Retired county educator opposes change of direction for schools
This is an open letter to Dr. James Phares, state superintendent of schools.
I am in opposition to your proposed change for the direction of Fayette County Schools. I was one of the members of the Comprehensive Educational Facilities Plan (CEFP) who met for months to formulate the plan for the education of ALL our students in Fayette County to prepare them for life’s preparation in the 21st Century. The composition of that committee included parents, teachers, service personnel, central office personnel, state board personnel with guided expertise and members of the business community.
The composition of the steering committee which you have appointed clearly is unfair to a committee charged with this responsibility you have designated as the new direction for the students attending Fayette County schools. Of all the parents, educators, business leaders, etc. who could serve, why did you appoint only the esteemed Carolyn Arritt and Paul McClung, a Summers County resident?
Dr. Sylvia L. Allen
Arrington: ‘My jaw dropped to the floor’
I attended the meeting of the Board of Education on May 6 to present the certificates to our students who competed in the 2013 W.Va. State Social Studies Fair. Other students and parents attended for Young Writers, Golden Horseshoe and FIT (Fayette Institute of Technology) awards. The room was packed. Dr. Phares, our new state superintendent, spoke about the effort under way to float a construction bond to keep all current schools open.
I hung around to hear the speakers. Good news for Valley High football teams. An agreement with WVU Tech will allow them to use Martin Field. Two parents spoke of improving our system. Carolyn Arritt, the Fayette County half of the duo organizing the bond call, reminded the board members they were to do the public’s will, not their own.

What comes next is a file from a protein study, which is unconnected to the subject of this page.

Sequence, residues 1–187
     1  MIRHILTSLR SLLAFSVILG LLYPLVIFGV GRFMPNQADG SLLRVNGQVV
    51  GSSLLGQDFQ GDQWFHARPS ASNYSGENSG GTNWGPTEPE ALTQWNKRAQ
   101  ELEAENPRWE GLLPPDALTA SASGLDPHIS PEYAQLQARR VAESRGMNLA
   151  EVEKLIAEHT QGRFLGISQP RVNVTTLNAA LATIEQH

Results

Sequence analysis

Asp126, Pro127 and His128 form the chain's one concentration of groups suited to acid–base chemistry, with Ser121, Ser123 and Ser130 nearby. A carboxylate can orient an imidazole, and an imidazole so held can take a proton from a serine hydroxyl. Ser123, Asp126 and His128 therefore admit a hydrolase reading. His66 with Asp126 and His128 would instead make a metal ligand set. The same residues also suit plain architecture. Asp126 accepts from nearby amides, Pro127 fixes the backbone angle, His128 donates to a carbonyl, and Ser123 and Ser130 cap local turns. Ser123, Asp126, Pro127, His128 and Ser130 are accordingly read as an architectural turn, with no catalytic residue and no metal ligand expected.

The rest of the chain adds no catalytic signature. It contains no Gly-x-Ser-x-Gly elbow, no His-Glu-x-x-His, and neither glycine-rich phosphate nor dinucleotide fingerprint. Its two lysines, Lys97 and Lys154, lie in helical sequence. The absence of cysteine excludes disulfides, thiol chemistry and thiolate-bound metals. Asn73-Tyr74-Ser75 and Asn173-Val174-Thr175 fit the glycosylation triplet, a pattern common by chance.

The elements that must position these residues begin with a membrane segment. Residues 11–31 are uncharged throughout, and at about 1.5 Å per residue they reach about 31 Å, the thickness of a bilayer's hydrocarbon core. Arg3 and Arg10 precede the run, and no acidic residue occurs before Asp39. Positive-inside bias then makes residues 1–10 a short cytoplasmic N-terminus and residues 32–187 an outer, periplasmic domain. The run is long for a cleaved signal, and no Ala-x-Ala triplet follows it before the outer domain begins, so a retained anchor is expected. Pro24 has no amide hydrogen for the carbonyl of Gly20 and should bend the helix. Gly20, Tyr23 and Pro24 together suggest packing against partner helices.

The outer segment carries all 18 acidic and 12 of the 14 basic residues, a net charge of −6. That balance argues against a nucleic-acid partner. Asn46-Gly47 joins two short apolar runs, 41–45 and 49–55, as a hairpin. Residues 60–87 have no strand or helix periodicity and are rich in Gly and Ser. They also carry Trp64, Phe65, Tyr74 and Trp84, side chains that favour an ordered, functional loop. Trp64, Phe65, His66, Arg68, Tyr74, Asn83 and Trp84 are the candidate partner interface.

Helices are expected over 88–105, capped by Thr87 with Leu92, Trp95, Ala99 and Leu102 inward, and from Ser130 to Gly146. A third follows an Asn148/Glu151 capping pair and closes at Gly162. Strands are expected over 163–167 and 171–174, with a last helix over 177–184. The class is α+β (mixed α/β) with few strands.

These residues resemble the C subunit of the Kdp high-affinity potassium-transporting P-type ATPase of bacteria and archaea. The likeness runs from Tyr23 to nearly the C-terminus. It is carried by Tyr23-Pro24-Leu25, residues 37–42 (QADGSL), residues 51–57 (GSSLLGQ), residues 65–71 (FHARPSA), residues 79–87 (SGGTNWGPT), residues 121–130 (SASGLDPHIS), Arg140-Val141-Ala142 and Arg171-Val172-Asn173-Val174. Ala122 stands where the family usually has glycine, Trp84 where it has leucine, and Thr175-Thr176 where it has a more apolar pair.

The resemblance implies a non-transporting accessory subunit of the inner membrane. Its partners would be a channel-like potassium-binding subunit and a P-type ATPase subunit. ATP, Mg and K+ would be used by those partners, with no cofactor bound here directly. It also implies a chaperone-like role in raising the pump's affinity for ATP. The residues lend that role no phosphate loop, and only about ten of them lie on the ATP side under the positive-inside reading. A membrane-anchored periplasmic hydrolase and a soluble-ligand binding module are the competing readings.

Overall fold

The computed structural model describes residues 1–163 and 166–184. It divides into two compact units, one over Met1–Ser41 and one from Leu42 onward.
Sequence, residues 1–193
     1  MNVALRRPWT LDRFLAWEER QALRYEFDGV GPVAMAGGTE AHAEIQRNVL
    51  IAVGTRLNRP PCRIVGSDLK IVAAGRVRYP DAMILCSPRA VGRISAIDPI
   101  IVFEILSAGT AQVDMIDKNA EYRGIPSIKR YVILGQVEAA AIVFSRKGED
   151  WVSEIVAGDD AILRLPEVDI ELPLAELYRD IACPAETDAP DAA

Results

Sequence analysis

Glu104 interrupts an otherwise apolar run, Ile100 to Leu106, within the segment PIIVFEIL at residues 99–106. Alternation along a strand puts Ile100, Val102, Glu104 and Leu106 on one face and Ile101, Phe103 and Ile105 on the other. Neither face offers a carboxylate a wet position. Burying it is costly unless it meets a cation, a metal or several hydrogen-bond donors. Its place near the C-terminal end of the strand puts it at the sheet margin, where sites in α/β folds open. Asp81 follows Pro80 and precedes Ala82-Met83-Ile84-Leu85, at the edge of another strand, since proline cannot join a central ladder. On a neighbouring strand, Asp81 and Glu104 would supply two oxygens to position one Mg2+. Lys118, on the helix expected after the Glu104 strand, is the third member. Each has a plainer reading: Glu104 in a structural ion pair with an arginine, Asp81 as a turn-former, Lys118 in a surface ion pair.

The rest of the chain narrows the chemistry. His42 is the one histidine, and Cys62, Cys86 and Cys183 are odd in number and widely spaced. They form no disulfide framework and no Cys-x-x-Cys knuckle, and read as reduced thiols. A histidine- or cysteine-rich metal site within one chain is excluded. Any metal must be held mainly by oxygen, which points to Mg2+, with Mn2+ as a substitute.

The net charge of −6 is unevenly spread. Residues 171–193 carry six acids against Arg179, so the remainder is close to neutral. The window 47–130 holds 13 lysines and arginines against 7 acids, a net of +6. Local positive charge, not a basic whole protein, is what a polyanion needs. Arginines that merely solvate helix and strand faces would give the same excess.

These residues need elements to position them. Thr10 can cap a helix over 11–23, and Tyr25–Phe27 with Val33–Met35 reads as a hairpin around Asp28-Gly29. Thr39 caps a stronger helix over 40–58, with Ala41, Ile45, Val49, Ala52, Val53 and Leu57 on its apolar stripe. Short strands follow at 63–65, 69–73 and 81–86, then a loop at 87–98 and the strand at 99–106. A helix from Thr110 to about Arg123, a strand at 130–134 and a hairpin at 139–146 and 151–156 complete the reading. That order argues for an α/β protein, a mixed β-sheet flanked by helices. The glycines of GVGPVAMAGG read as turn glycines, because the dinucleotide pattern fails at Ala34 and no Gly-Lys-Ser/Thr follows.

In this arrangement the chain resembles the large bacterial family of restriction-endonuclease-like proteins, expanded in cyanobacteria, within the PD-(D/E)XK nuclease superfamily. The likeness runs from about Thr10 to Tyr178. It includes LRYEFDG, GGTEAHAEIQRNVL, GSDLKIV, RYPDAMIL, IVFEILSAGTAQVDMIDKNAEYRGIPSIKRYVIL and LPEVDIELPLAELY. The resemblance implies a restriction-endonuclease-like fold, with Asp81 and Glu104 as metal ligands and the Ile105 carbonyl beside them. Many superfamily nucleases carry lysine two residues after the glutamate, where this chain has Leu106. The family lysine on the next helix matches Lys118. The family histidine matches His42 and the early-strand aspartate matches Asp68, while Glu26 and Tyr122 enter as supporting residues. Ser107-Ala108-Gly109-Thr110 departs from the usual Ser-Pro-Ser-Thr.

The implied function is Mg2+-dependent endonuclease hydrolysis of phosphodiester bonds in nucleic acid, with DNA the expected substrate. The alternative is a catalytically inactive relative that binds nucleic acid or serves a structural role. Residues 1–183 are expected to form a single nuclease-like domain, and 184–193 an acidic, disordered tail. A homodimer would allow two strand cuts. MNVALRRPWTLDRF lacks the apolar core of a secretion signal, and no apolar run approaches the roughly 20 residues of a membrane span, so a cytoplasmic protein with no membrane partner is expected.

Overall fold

Leon Ivey, a current member of our Board of Education, rose to speak of his concerns about the bond call failing to deal with improving curriculum. It was when he announced the cost to bring all current schools into compliance that my jaw literally dropped to the floor. The price tag is a staggering $121,000,000 (Editor’s note: It was later announced the actual amount is $136 million). Superintendent Butcher passed out the report that backed up Ivey’s figure and stated that if we fail to act, the cost increases upwards to nearly $140,000,000 within just a couple of years.
The dilemma is that the bond capacity for Fayette County is only $67,000,000. If voters approved of such an amount, there is no guarantee the School Building Authority has the money, or the will, to match that amount, especially to repair schools that have so few students in them. Members of the advisory committee were told to develop needs and wish lists for projects at their schools.
I advise them to forget the wish list. It seems the architect report has changed the debate. The debate now is the emotional attachment we have with our small schools versus the cold hard truth we are up the proverbial creek, not only without a paddle, but sitting in a boat sinking from dozens of leaks. Do we continue to patch the leaks, or is it time to buy a new boat?